William Edward Dodd (October 21, 1869 – February 9, 1940) was an American historian, author and diplomat. A liberal Democrat, he served as the United States Ambassador to Germany from 1933 to 1937 during the Nazi era. Initially a holder of the slightly Antisemitic notions of his times, he went to Germany with instructions from President Franklin D. Roosevelt to do what he could to protest Nazi treatment of Jews in Germany “unofficially,” while also attempting to follow official State Departmentinstructions to maintain cordial official diplomatic relations. Convinced from first hand observation that the Nazis were an increasing threat, he resigned over his inability to mobilize the Roosevelt administration, particularly the State Department, to counter the Nazis prior to the start of World War II.
Early and family life and education
“Willie” Dodd was born on October 21, 1869 on a farm near Clayton, Johnston County, North Carolina, the eldest of eight children born to farmer John Daniel Dodd (1848-1941) and his first wife, the former Evaline Creech (1848-1909). His paternal English or Scottish ancestors had lived in America since the 1740s when Daniel Dodd settled among the Highland Scots in the Cape Fear Valley. The family included four younger brothers: Rev. Walter Henley Dodd (1872-1950), Alonzo Lewis Dodd (1875-1952), John Ivan Dodd (1876-1971, and Eff David Dodd (1884-1966). Of his three sisters, only Martha “Mattie” (Martha Ella) Dodd (born 1878) survived long enough to marry.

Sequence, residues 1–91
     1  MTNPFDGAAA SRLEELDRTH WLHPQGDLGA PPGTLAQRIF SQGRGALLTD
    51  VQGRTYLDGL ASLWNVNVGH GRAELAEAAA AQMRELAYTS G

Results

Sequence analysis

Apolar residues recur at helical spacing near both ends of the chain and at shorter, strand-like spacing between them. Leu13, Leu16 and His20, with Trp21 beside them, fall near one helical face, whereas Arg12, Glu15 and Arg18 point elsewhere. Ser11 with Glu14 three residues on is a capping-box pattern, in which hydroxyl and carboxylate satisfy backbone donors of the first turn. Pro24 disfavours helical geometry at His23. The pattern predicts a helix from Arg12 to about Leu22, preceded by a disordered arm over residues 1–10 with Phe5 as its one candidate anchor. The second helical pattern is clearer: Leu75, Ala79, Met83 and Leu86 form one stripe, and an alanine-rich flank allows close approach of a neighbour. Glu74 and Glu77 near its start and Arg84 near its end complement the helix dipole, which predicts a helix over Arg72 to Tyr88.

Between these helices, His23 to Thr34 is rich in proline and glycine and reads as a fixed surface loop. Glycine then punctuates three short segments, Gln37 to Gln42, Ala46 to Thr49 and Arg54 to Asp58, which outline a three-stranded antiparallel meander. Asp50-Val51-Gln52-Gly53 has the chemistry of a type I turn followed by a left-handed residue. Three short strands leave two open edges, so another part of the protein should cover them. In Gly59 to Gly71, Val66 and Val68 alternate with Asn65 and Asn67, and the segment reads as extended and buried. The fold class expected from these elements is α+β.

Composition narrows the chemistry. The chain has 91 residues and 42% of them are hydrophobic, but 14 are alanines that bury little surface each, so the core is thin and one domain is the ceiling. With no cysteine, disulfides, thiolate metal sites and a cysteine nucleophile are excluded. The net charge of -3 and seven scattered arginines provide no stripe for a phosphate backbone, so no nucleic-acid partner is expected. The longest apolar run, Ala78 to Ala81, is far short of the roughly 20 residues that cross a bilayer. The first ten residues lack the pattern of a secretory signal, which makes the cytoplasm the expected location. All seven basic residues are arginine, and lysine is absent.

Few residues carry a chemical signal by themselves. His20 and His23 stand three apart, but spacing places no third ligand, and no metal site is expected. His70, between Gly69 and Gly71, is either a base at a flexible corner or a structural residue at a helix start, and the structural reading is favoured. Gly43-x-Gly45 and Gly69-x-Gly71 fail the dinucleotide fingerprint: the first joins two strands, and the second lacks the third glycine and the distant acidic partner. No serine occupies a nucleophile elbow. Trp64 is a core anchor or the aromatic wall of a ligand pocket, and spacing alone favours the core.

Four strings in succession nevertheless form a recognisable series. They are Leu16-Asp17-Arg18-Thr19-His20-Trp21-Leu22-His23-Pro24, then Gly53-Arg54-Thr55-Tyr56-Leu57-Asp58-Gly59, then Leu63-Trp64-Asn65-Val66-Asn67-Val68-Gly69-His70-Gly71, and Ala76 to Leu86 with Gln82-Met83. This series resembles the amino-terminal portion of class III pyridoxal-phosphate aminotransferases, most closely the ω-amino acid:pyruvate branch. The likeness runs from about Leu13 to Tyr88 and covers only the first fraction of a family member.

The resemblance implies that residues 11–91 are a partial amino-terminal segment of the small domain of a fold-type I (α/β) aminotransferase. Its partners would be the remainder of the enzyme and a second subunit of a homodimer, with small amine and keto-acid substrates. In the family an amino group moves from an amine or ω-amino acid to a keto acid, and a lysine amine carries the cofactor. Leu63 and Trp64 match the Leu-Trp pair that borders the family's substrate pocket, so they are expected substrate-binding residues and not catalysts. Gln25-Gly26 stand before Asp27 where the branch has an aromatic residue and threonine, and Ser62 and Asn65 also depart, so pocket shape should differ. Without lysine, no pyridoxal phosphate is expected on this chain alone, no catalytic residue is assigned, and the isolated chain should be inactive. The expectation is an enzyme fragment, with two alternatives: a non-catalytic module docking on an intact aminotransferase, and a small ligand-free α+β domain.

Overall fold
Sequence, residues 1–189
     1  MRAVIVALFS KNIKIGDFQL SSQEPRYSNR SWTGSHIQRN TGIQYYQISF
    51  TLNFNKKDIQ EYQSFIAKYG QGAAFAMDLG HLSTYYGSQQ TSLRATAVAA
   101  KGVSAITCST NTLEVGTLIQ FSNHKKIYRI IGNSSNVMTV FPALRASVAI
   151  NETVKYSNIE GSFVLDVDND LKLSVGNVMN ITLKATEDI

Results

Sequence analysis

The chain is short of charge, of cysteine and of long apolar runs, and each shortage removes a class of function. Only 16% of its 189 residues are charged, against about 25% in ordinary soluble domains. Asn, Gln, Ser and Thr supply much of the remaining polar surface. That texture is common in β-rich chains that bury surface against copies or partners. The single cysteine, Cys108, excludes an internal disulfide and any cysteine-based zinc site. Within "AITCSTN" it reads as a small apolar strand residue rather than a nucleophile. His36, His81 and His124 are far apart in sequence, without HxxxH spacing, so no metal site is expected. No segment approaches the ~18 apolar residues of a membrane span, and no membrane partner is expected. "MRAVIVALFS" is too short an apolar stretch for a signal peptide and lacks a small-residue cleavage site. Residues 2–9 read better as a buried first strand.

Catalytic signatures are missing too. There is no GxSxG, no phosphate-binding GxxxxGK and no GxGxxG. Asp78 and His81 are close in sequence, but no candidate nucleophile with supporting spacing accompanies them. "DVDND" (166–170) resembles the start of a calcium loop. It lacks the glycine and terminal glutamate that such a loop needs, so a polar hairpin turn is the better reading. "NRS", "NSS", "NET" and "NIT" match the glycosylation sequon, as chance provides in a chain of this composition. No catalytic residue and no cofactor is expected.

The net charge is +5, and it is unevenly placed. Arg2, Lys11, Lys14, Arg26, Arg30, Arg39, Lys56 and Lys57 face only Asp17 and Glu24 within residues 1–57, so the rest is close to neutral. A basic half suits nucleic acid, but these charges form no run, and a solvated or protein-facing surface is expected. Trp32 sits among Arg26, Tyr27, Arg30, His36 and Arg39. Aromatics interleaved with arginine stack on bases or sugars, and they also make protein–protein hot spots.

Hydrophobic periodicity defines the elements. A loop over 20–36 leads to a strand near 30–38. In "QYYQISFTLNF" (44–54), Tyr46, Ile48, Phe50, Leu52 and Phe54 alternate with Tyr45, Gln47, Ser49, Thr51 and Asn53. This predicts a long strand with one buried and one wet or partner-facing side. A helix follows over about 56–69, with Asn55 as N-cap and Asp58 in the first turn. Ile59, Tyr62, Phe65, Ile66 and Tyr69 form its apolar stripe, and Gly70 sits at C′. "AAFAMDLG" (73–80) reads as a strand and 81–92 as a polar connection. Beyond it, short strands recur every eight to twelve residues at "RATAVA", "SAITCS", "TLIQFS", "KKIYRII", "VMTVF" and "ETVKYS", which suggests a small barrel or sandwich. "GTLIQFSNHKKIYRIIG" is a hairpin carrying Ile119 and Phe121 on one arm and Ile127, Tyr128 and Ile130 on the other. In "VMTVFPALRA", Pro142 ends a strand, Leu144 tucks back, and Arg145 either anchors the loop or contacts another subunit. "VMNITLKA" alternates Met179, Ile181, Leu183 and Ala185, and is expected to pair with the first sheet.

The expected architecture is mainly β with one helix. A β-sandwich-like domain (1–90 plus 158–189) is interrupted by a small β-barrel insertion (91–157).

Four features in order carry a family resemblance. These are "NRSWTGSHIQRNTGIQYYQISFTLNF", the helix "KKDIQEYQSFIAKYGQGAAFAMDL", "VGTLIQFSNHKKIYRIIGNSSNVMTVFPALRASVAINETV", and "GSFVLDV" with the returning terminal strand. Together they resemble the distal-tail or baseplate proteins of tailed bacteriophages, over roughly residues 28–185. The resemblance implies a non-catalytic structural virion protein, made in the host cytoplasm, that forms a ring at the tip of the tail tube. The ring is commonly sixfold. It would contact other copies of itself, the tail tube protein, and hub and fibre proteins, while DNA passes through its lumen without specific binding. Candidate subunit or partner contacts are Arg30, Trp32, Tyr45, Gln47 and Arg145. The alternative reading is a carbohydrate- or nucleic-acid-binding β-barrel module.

After graduating from Clayton High School, Dodd attended Oak Ridge Military Academy to prepare for college. He was unable to secure an appointment to the U.S. Military Academy or at the University of North Carolina, and so taught at local schools until 1891, when he enrolled at the Virginia Polytechnic Institute (Virginia Tech). Dodd received his bachelor’s degree in 1895 and a master’s degree in 1897, by which time he had begun teaching undergraduates. On a colleagues’ advice, Dodd traveled to Germany and earned his Ph.D. at the University of Leipzig in 1900, based on a thesis (in German) concerning Thomas Jefferson’s return to politics in 1796. Shortly after returning to the United States and resuming his teaching career, Dodd married Martha Johns at her family’s home in nearby Wake County, North Carolina on December 25, 1901. They would have two children, a daughter, Martha (1908-1990), and a son, William E. Dodd Jr. (1905-1952)